Irving v. Lipstadt


Holocaust Denial on Trial, Trial Transcripts, Day 20: Electronic Edition

Pages 66 - 70 of 215

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    Were the results of these tests leaked to the German
 1magazine Der Spiegel in 1980?
 2 A. [Professor Richard John Evans]     I will accept your view that they were.
 3 Q. [Mr Irving]     Document No. 86 is a New York Post summary of what Der
 4Spiegel has announced. Do you agree that this states that
 5the finding is, on the second page, the result of the
 6tests performed at the Bundescriminalamtlaboratories show
 7that portions of the works, especially of the fourth
 8volume, are written with ball point pen?
 9 A. [Professor Richard John Evans]     That is what it says, but this is of course is third hand
10information. It is a reporter who is reporting another
11reporter's view of a report. I think, before accepting
12that this particular reporter is giving an accurate
13account, I would need to see the original report.
14 Q. [Mr Irving]     I do not really want to get bogged down in this kind of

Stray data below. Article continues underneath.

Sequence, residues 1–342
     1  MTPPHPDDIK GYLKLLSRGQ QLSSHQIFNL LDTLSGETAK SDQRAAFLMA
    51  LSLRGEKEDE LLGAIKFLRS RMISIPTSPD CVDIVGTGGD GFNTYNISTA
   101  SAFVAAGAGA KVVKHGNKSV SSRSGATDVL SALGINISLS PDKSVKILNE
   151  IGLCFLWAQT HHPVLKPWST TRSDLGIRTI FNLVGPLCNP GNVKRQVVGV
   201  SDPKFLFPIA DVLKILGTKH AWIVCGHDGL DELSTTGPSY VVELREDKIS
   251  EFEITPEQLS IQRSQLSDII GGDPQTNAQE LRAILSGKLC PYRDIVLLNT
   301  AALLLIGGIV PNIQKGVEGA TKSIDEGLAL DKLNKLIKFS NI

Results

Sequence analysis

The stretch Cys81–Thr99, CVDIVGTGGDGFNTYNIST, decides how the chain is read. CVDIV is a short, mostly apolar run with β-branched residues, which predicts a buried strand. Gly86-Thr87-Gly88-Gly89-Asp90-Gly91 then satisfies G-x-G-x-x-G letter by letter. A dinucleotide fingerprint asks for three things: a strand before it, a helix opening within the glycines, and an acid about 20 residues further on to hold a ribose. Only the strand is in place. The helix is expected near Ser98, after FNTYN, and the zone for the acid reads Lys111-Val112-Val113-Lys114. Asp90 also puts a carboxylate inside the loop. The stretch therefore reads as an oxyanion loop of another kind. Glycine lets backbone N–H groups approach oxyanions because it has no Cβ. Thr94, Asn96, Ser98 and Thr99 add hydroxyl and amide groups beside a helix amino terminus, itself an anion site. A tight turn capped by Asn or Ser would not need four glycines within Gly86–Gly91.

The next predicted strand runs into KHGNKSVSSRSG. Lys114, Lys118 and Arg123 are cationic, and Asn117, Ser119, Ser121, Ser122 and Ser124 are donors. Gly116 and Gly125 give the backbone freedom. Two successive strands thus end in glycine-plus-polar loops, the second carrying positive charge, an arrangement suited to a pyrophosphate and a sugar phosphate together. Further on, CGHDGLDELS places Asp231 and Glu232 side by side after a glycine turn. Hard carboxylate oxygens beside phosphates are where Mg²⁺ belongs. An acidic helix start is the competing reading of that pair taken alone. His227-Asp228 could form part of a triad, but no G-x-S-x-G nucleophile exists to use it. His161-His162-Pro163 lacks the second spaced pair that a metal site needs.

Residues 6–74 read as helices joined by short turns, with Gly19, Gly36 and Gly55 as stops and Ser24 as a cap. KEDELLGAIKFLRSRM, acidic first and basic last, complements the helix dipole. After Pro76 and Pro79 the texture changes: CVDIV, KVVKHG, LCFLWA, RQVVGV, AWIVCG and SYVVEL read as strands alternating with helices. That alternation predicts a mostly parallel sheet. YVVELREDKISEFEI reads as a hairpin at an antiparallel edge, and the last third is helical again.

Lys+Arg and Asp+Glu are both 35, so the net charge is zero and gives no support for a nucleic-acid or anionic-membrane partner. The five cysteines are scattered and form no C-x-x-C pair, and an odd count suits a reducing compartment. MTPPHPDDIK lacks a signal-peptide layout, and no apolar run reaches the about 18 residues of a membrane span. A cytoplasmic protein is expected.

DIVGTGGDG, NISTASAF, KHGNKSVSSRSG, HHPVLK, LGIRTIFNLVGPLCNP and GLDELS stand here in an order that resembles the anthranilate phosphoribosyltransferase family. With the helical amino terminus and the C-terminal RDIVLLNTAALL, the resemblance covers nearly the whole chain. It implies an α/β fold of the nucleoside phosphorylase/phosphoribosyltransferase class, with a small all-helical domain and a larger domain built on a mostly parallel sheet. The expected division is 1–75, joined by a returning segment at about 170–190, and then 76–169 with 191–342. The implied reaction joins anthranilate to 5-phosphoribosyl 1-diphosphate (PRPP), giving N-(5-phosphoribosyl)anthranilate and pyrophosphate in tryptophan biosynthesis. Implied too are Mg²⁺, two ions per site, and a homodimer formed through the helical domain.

15maze. Can I just put it to you like this? Will you
16accept that, on the balance of probabilities, the
17Bundescriminalamt did carry out tests on the ink and came
18up with the surprising conclusion that portions were in
19fact ball point ink?
20 A. [Professor Richard John Evans]     It depends what you mean by "portions". I think that is
21the crucial point. My understanding, having read the
22summary of the forensic scientific investigations carried
23out on the diaries, in the introduction to the kind of
24official standard edition, scholarly edition, is that
25there were some small stylistic emendations in ball point
26pen, but that paper and ink and so on were all of the

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 1diaries themselves were derived from the 1940s, i.e.
 2before the end of the war.
 3 Q. [Mr Irving]     How long has this been your understanding? Did you have
 4this understanding at the time you wrote your expert
 6 A. [Professor Richard John Evans]     Let me just see.
 7 Q. [Mr Irving]     In other words, is this knowledge about portions of the
 8diary being rewritten in ball point ink or whatever recent
 9or some years ago?
10 A. [Professor Richard John Evans]     Well, I have looked -- my knowledge or whose knowledge?
11 MR IRVING:     Your knowledge we are talking about.
12 A. [Professor Richard John Evans]     My knowledge.
13 Q. [Mr Irving]     At the time you wrote this report.
14 MR RAMPTON:     Footnote 118.
15 A. [Professor Richard John Evans]     Thank you. Yes, The Critical Edition, 1989.
16 MR IRVING:     My question is, of course, if you were aware of the